ROCKET AND THE QUEEN OF DREAMS By David Craig (Roseneath). Opens Sunday (June 8) and runs to June 15 at Lorraine Kimsa Theatre for Young People (165 Front East). 416-872-1111.
SANCTUARY SONG By Abigail Richardson and Marjorie Chan (Tapestry/Theatre Direct). Opens Friday (June 6) and runs to June 14 at Berkeley Street Downstairs (26 Berkeley). 416-872-1111. See Openings. Rating: NNNNN
Playwright David Craig is all geared up to fight monsters. And he’s ready to take young audiences along with him.
Craig’s family show Rocket And The Queen Of Dreams, in which a child conquers his fear of nightmares, is part of Luminato, and Craig couldn’t be happier.
“It’s important that a festival that defines itself by means of art and creativity includes the creative arts for children,” notes Craig, artistic director of the award-winning Roseneath Theatre. “To ignore that element would be ageist and short-sighted.”
The show begins in a familiar locale, a child’s bedroom. The young Rocket doesn’t want to go to sleep without a comforting story; he’s scared of his dreams. Father offers a military way to deal with his nightmare monsters, while mother suggests positive thoughts and conciliation.
While the parents are played by actors, Rocket is a three-dimensional puppet (by Anne Powell and Johan Vandergun) and most of the action takes place in a shadow-puppet dream world created by David Powell.
“I’ve discovered that I love puppets as much as children do,” says Craig on a rehearsal break. “Their abstract nature means you can discuss powerful issues and strong emotions more easily than in real life.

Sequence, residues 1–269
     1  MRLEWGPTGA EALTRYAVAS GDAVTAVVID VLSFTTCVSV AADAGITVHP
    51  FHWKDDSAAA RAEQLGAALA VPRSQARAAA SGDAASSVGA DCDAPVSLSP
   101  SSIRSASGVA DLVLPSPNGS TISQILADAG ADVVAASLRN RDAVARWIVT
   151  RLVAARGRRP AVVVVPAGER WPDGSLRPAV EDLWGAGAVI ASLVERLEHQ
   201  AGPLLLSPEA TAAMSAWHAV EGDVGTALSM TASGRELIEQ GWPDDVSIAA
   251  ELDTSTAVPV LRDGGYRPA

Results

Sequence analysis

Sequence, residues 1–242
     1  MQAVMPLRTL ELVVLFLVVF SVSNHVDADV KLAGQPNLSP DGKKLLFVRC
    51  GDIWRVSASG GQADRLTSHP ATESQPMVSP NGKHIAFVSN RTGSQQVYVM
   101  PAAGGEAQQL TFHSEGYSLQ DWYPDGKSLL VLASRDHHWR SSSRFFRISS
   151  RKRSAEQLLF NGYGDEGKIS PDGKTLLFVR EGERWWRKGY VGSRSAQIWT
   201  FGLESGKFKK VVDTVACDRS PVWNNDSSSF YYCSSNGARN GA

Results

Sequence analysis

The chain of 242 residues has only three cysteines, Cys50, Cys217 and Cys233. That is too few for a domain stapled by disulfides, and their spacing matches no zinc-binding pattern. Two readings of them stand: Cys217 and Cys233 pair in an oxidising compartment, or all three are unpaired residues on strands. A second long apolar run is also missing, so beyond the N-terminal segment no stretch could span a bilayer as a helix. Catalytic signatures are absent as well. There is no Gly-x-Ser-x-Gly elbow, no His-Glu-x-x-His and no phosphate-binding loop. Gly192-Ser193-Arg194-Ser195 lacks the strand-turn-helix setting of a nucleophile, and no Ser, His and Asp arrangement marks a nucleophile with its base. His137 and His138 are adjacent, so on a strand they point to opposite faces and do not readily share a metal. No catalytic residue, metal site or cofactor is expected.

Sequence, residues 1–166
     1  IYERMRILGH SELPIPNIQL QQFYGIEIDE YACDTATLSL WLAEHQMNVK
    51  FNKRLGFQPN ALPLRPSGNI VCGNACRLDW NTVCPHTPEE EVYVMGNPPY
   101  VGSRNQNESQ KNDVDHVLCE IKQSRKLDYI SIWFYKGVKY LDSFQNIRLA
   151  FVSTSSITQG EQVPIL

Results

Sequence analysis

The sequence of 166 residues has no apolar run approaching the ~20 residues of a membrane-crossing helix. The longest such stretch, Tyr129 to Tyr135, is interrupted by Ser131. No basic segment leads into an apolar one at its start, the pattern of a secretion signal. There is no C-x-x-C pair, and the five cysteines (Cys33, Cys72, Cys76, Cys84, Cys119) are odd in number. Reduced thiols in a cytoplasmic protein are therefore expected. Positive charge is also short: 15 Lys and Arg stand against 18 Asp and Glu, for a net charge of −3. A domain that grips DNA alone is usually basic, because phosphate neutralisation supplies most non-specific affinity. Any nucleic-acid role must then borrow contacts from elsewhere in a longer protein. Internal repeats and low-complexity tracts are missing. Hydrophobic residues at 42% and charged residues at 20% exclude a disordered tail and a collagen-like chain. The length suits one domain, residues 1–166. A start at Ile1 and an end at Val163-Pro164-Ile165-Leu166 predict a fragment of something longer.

“Dealing with monsters in a shadow world has turned out to be an ideal way of handling fear. In the school research we did, we found that everyone – even the boys – has woken up so scared from a nightmare that they’ve been unable move.”
This first collaboration between Craig and the Powells, of the Puppetmongers, has proven successful.
“Exploring the world of dreams through shadow theatre has turned out to be the perfect choice,” says Craig. “It’s even better than film, because it has all the imaginative scope of a big-budget movie and all the intimacy and charm of live theatre.”
And don’t think the show is just for kids. Craig always includes an adult element in his works; here, it’s the contrasting ways the parents suggest dealing with monsters. Craig hints that these tactics help us cope with monsters in both our waking and dream worlds.
If Rocket explores our fantasy lives, another show for kids, Sanctuary Song, is based on a real-life event: a trainer accompanies an aging elephant to a Tennessee wildlife sanctuary.
In composer Abigail Richardson and librettist Marjorie Chan’s opera, the elephant, a female named Sydney, recalls a life that includes happy memories of Asia and more painful experiences in a circus and a zoo.
“Marjorie suggested the story when we collaborated in Tapestry New Opera Works’ 2003 Lib Lab series,” recalls Richardson, affiliate composer with the Toronto Symphony Orchestra. “Lynda Hill of Theatre Direct Canada saw our short piece and watched how kids were affected by it.”
The result, a collaboration between Tapestry and Theatre Direct, uses two singers, two actors and three musicians.
Richardson’s always been involved in linking story and music, and finds in opera the perfect blend of the two.
“Music handles emotion so well,” she adds. “It can suggest something beneath the text, offering a rich play on language. In Sanctuary Song, for instance, the word ‘dream’ can mean either a beautiful time in the jungle or a memory tinged with sadness and bitterness. It’s the music that cues the audience’s response.”
Recognizing with Craig the importance of involving young viewers in a play’s action, Richardson has included audience participation in Sanctuary Song.
“I not only want viewers to feel for Sydney, I want them to be right there with her.”
Xin Wang, soprano (as Sydney, the elephant) Alvin Crawford, bass (as James, her keeper) Michael Schulte on violin Lizzie Lavado on piano Ryan Scott on percussion And Wayne Strongman is conducting.